For many forklift fleet managers, batteries can be one of the most challenging components to manage and understand. It can be especially difficult to precisely determine battery performance and overall life. Forklifts consume power differently depending on the application, operator and driving patterns. Operators and warehouse managers often know little about the health of a forklift battery until the forklift stops working. The best way to gain insight into how batteries perform is to conduct a power study.
A power study combines monitoring, data analytics and expert insight to provide fleet managers with recommendations and best practices for enhancing forklift battery performance. By working with a forklift provider to employ battery monitoring technology, real-time data can be gathered from a broad sampling of frequently used forklifts. This data can then be used to reveal how your fleet regularly consumes and replenishes power. Modeling that considers the applications, power usage and different charging scenarios can also help determine the best charging process, including the number and locations of charging stations.
The following are four ways a power study will help bring standardization and predictability to a forklift battery program and enhance forklift performance.
1. Adopting lithium-ion batteries
There can be many benefits associated with the right combination of lithium-ion batteries and charging locations in certain applications. A power study can help you determine if switching to lithium-ion batteries is the right choice for the operation and also provides recommendations for charging locations and processes. For instance, a study of a fleet using lead-acid batteries may show that idle time is high, the power consumption rate is low, but the batteries do not last an entire shift. There may be a strong case to transition to lithium-ion power in such an application. Not only can lithium-ion batteries charge more quickly and efficiently, but they can power the forklift through the entire shift and ultimately improve its uptime.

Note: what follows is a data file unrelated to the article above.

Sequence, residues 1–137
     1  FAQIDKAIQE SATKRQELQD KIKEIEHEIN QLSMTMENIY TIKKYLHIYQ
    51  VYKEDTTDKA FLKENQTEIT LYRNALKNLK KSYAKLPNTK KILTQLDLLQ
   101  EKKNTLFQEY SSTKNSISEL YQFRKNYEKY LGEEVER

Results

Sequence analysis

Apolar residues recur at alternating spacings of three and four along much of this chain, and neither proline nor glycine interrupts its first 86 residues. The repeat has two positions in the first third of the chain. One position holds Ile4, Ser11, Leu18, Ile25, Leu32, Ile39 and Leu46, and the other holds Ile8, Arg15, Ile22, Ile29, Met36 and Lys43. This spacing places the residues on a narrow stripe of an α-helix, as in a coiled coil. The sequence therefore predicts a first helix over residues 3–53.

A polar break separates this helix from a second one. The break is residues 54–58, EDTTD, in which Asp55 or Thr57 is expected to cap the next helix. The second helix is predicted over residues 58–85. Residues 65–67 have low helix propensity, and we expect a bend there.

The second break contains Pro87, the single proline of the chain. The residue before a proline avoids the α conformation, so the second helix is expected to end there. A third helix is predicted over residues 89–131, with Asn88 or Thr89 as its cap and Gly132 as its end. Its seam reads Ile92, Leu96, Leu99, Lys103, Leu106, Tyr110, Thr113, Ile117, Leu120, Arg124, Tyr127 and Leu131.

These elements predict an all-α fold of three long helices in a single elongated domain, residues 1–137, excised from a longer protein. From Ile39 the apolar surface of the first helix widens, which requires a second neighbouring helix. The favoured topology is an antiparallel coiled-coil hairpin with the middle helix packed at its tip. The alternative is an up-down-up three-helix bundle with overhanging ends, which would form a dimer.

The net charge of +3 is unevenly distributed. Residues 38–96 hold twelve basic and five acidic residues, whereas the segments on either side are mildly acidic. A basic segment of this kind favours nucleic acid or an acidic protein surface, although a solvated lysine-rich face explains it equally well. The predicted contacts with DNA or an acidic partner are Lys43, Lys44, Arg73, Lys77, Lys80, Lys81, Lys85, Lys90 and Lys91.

2. Understanding your power needs
Another outcome of a power study is right-sizing the forklift fleet based on the battery utilization information gathered. The study monitors amps-per-hour for each battery, which compares power usage and forklift utilization across different applications and shifts.
Such comparisons can reveal which applications or operator actions consume power at the highest rates or in total. Predictably, it is often applications that require attachments or the lifting and lowering of heavy loads. It may be that operators are bulldozing loads, using the forklift to push rather than carry pallets. Understanding both the power the forklifts are using and how that power is being discharged can lead to improved operator accountability and battery management practices.
A power study may also be more than a “one and done” requirement. It’s important to understand power requirements as operations change, especially if there are modifications to pallet movement, racking, or even the weight of the product being moved.
3. Optimizing charging practices
Conducting a power study can determine the right charging method or combination of methods for the forklift fleet and operations.
There are three types of forklift battery charging methods: conventional, opportunity and fast charging. The most common method, conventional charging, is typically used for lead-acid batteries and allows for a complete recharge after the battery is partially or fully discharged during normal operations. Typically, this method is preferred when there is an ability to charge the battery for several hours, followed by an appropriate cooldown period. A power study may reveal situations within an application that will allow for opportunity or fast charging of lead-acid batteries, though there are considerations on the effect of these charging methods on overall battery life.
Opportunity or fast charging with lithium-ion batteries, however, allows for more flexibility. A power study may reveal idle times – perhaps more than realized – when batteries could be subjected to these alternative charging methods. For instance, warehouses can utilize opportunity charging stations anywhere operators have downtime that allow the battery to be plugged in for at least 10 minutes. These opportunities can include work breaks, scheduled lunches, and shift changes. Lithium-ion batteries can prove to be more efficient through opportunity charging without adversely affecting the battery’s overall life. Similarly, fast charging takes advantage of longer time intervals to charge but comes with its own rules and requirements, which a power study can help determine.
4. Enhancing operational performance
Establishing battery best practices enables you to implement and adhere to standardized processes more easily as you grow and add to your fleet. With the rising pressure for higher throughputs to meet increasing and changing demands, there is a near-constant need to increase the productivity of existing forklift fleets and warehouse facilities. Through a power study, operators and warehouse managers gain a deeper understanding of their power needs and possible battery issues, ultimately enhancing the overall forklift performance.
A power study offers important real-time data of a warehouse and brings expert insight and recommendations into fleet operations.